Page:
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This case study describes how Farm Credit Canada, which provides financial services for Canadian agricultural businesses, is transforming itself into a process-centric organization. To support this transformation, FCC's IT function has restructured from a silo organization, with each silo supporting applications for a particular business function, to a service-centered model, where applications are constructed according to service oriented architecture (SOA) principles. The transformation is described in six steps.In Step 1, the CEO initiated a culture change initiative that underpinned his vision of creating a customer-centric organization. Step 2 focused on what needed to be done to integrate the corporation's processes and systems to enable it to provide a great customer experience. The outcome was two initiatives, one to redesign the corporation's processes, the other to transform the IT function to support enterprise processes and integration.Step 3 was the transformation of the IT organization. First, the newly appointed CIO assessed the current state of the IT organization (and all current IT projects were halted while this was done). He then designed the new structure, moving away from the old application-centered silo approach to an architecture-centric one supported by SOA principles. The move to the new organizational model was accomplished in just 90 days, a timescale that would have been impossible without the full and active support of the CEO.Proof of concept was undertaken in Step 4 by implementing a carefully chosen business process with SOA. But first, FCC had to make a multimillion investment in the foundational technologies. Once implemented, this redesigned process favorably impressed FCC's senior executives and sent front-line satisfaction with IT soaring. The corporation was then well set to move on to Step 5 the detailed redesign of other processes, and working through the governance issues of managing a process-driven IT organization.The benefits to date of transforming the IT function and its technology were articulated in Step 6. The CIO identified six benefits: (1) Improved and more effective communication between the business and IT; (2) Streamlined business processes; (3) Improved scores for IT staff engagement; (4) Reusable IT assets; (5) Support for the long-term vision; and (6) Proven technical viability of the SOA approach. These last two benefits arose directly from the successful proof of concept (implementing the initial business process).The transformation of FCC to a process-centric organization is continuing apace, and is scheduled for completion by the end of 2011.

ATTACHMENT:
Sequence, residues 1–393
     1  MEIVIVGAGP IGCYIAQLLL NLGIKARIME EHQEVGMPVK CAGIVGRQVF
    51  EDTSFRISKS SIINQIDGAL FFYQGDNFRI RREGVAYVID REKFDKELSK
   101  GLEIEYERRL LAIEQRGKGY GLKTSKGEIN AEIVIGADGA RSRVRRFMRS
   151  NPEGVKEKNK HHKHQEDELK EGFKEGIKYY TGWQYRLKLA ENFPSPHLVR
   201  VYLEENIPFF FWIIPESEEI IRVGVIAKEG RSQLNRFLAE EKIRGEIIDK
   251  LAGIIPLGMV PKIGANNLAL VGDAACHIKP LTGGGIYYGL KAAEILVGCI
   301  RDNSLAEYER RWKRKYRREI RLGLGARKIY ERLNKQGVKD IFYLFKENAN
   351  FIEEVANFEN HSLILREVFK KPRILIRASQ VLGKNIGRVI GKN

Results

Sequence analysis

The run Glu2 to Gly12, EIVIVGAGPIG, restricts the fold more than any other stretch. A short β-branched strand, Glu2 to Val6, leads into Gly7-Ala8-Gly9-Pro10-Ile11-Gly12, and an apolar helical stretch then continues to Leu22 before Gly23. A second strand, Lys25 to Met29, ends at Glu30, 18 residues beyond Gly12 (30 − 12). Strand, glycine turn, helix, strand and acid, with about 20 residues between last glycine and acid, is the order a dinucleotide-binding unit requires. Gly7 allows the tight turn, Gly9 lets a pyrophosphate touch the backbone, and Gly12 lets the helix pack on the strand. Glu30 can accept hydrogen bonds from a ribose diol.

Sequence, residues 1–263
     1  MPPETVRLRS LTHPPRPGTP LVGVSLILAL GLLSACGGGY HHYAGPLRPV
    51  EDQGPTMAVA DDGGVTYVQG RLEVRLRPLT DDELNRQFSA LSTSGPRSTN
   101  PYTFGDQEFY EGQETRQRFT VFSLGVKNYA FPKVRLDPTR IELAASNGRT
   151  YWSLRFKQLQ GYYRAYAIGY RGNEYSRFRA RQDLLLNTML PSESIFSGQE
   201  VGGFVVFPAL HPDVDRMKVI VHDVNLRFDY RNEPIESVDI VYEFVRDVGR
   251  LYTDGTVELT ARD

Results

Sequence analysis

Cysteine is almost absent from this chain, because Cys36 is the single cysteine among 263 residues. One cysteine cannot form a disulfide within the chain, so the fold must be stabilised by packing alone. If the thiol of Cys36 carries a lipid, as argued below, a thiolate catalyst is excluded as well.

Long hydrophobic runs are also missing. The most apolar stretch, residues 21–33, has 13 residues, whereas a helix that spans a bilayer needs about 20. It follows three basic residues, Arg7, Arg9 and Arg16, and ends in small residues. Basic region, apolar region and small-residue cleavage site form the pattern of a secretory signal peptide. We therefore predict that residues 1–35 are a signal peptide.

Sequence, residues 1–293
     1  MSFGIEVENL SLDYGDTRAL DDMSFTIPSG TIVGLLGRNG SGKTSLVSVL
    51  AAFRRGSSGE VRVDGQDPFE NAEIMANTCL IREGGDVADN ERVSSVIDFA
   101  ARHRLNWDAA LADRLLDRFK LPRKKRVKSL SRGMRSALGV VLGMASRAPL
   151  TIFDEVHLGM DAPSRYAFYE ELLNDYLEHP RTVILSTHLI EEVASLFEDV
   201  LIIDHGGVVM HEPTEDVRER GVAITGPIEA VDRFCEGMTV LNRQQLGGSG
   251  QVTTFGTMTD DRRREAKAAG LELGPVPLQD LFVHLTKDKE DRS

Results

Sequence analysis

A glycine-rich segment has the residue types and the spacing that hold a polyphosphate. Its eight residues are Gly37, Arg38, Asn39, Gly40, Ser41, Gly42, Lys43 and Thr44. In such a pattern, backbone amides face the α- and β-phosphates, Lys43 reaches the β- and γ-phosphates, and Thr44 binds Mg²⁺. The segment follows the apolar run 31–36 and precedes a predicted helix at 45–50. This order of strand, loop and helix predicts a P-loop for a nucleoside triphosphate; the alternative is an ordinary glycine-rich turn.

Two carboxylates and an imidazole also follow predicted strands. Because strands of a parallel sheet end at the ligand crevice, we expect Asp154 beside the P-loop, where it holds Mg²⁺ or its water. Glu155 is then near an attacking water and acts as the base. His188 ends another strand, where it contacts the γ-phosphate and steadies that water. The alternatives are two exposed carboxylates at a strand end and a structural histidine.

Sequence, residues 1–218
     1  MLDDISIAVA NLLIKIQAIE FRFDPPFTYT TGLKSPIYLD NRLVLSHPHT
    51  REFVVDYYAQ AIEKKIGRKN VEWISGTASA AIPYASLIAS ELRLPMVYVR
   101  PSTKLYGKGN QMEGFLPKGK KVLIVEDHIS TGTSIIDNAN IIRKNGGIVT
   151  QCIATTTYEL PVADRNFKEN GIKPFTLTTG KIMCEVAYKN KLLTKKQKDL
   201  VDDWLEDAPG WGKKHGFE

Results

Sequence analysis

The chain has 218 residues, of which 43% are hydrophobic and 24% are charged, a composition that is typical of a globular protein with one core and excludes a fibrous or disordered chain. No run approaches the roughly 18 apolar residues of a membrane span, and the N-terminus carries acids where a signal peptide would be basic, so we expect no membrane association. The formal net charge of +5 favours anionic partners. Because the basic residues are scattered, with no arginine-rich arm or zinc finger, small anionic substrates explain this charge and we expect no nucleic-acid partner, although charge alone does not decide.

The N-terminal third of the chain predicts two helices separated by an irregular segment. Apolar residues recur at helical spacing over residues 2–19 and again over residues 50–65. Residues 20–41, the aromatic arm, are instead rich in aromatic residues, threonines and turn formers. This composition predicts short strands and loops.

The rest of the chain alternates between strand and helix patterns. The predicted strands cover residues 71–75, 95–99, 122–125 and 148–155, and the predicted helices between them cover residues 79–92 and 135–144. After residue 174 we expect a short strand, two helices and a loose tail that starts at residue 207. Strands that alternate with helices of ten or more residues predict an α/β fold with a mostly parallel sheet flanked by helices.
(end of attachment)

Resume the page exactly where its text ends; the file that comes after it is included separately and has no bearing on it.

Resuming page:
Smith, Heather A. and McKeen, James D.
"Creating a Process-Centric Organization at FCC: SOA from the Top Down,"
MIS Quarterly Executive: Vol. 7:
2, Article 4.
Available at: https://aisel.aisnet.org/misqe/vol7/iss2/4